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Jewish Communities in Exotic Places deals with seventeen Jewish communities that are referred to in Hebrew as edot ha-Mizrach (Eastern or Oriental Jewish communities). These are Jewish communities situated in remote places on the Asian and African Jewish geographical periphery, which over the centuries became isolated from the major centers of Jewish civilization. These Jewish communities embraced aspects of the dominant culture, i.e., the Daghestani (Northeastern Caucasian) practice of qan alma (vendetta); or preserved certain ancient Jewish customs that were at great variance with Ashkenazic and Sephardic tradition, such as the Ethiopian Beta Israel practice of sacrificing the pascal lamb at Passover.
Today, the overwhelming majority of the edot ha-Mizrach have relocated to Israel and are under the purview of the Sephardic Chief Rabbinate. Scattered remnants still survive in Central Asia, the Caucasus, the Horn of Africa, and the Southern Arabian Peninsula.
There is little historical documentation on the edot ha-Mizrach. Prior to "Jewish Communities in Exotic Places," no one has ever undertaken the task of writing an authoritative work on the subject in English. "Jewish Communities in Exotic Places" chronicles the history of these edot; Jewish peoples in some of the most far-flung places in the Third World. It traces their survival and explores aspects of Jewish culture, religion, and folklore, stressing both the continuity and diversity of Jewish life in different times and places.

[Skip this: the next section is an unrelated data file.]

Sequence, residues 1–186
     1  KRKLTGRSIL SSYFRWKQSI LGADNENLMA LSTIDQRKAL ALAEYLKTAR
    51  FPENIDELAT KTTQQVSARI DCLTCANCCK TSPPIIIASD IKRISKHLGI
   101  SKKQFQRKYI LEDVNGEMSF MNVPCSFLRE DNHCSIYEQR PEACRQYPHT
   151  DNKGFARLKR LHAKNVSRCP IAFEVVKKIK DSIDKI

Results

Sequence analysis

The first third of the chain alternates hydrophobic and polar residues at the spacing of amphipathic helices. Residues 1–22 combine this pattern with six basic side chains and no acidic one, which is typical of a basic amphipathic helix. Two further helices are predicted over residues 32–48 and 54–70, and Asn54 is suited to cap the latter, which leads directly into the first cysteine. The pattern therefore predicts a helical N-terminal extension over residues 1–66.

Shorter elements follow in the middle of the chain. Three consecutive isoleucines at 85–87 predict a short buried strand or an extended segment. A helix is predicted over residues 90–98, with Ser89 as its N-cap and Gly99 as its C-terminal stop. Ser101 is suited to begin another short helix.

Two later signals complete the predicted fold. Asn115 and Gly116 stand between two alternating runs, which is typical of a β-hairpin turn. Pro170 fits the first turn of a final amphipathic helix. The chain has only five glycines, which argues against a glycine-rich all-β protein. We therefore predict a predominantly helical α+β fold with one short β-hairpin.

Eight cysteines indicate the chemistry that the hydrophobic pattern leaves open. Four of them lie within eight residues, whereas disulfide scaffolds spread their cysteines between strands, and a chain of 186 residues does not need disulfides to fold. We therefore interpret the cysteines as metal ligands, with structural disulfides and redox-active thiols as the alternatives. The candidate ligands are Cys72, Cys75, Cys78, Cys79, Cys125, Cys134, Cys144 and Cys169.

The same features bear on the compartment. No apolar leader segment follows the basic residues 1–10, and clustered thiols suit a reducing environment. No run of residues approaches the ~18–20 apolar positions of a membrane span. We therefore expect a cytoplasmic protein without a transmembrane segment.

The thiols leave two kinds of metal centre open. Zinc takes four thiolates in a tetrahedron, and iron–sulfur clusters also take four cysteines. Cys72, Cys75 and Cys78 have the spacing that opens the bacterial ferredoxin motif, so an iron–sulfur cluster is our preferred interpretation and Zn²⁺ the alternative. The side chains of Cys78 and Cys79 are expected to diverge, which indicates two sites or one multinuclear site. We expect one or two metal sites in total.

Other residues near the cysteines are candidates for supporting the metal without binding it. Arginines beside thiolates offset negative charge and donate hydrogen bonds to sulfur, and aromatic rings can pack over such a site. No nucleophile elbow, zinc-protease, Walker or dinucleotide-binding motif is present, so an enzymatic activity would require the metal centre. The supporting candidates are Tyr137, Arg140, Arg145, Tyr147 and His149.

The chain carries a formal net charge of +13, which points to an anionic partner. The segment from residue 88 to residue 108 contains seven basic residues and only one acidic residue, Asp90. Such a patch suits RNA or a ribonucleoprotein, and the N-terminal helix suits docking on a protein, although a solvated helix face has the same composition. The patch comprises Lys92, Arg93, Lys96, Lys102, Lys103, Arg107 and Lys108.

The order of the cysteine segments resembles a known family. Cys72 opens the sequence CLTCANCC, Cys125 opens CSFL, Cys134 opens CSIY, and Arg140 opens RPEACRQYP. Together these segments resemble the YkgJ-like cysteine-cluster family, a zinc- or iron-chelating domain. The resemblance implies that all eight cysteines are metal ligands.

The book features a glossary, bibliography, photos, and maps. Each chapter has endnotes. A special feature of this book is a Background Information section on each country, as an introduction at the beginning of every chapter. Because any discussion of these edot needs to be placed in the context of the larger culture, I outline the most pertinent and interesting aspects of the geography, history, and ethnology of the country.
Two outstanding scholars of Jewish exotica contributed to prefatorial notes. Emeritus historian Michael Pollak, author of "Mandarins, Missionaries and Jews: The Jewish Experience in the Chinese Empire" (Philadelphia: Jewish Publication Society, 1980), and "The Torah Scrolls of the Chinese Jews" (Dallas: Southern Methodist University Press, 1975), has written the Foreword. Professor Steven Kaplan of The Hebrew University at Givat Ram in Jerusalem, a leading authority on the Jews of Ethiopia, has written the Introduction.